Woman Sues Dog Pound After They Adopt out Her Runaway Golden Retriever

A Chicago woman is suing two animal rescue agencies for adopting out her missing golden retriever despite her contact information being available on his collar.

Karly Moran-West is suing the Chicago Animal Care and Control and the Fetching Tails Foundation for allegedly violating Illinois animal agency law. She claimed that the animal control agency admitted her golden retriever Zeus into a dog pound before he was adopted out to another family. However, perhaps the most critical part of the lawsuit is the fact that she was never contacted by the city's animal control agency, although his collar had her phone number embroidered on it.

"I'm still blown away by the fact that there's a dog with a collar, with a phone number," said Moran-West's attorney Jonathan Rosen, "and nobody saw fit to call."

Moran-West argued that both Chicago Animal Care and Control and Fetching Tails violated an Illinois law that states that animal control agencies need to take all necessary measures to reunite lost animals with their owners. She told local news station CBS 2 that the animal control intake card had Zeus' name on it. Therefore, she argued, they had to have seen her phone number.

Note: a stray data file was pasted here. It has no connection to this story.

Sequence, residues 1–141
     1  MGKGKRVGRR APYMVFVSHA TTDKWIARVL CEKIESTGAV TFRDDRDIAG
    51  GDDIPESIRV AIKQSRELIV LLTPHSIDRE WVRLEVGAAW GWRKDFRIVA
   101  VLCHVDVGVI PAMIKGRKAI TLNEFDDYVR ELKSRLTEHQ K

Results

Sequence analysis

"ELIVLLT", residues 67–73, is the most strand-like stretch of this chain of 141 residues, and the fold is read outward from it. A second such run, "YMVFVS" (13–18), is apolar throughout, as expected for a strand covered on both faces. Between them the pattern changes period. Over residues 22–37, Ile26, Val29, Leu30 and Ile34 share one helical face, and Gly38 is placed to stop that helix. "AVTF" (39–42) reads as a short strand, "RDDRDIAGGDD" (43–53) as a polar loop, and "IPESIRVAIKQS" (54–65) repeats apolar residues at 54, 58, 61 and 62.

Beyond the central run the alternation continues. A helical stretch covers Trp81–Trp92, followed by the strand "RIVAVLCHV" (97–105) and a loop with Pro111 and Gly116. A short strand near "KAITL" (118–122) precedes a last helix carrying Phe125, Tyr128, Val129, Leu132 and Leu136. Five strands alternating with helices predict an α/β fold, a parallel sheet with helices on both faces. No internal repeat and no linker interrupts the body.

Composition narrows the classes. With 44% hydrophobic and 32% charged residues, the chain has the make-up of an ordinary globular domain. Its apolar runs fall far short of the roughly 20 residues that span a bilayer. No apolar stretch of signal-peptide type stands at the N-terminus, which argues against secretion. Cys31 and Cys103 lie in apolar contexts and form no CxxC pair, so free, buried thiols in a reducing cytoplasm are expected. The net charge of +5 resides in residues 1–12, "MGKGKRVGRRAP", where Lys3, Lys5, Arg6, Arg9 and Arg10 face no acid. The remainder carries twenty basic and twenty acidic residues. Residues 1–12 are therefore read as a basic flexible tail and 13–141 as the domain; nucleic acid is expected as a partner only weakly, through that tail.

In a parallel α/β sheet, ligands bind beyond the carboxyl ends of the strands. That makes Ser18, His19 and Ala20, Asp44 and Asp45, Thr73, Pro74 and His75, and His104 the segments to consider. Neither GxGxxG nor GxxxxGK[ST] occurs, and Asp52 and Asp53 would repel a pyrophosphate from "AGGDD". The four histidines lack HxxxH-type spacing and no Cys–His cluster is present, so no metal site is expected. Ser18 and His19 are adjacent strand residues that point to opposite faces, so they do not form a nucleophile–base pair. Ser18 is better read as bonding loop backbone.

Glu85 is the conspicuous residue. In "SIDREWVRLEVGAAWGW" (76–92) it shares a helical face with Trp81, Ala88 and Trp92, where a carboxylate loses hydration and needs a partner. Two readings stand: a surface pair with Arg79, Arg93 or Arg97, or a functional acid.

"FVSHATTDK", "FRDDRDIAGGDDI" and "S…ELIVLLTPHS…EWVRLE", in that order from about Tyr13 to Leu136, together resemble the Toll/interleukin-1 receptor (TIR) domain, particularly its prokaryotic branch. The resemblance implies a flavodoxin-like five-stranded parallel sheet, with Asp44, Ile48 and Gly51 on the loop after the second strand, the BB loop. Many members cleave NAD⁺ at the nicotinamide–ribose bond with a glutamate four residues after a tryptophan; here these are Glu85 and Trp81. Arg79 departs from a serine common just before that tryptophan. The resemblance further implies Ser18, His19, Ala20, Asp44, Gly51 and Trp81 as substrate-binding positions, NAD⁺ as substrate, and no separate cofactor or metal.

"She was lied to and told there was no phone number," said Rosen.

Once she had found out that her dog was still alive, she had tried reaching out to Zeus' new family in an attempt to get him back. Unfortunately, the family refused.

"I understand that you guys have had Zeus for a long time and you guys are probably very attached to him now, but I've had him longer and he was my child," she said. "And if your child was adopted out to somebody else, I feel like you would probably do the same thing. So I feel like you guys should have a heart and give me back my dog."

A spokeswoman for Chicago Animal Care and Control told local newspaper the Chicago Sun-Times that "the city will review the filed complaint and will have no further comment as the matter is now in litigation."

A dog's owner was shocked to find out her dog was adopted out to a new family despite the owner's contact information being available on the dog's collar. A stock image of a golden retriever on a sofa. iStock

Moran-West was visiting her sister in Los Angeles in January 2020 when Zeus escaped from her father's yard.

Moran-West, who wants to become a veterinarian, has conducted her own search. She said a tipster told her that Zeus had been adopted under the same name.

"I'm blown away. I think everyone in Chicago should be scared of the situation," Rosen said.

The Associated Press contributed to this report.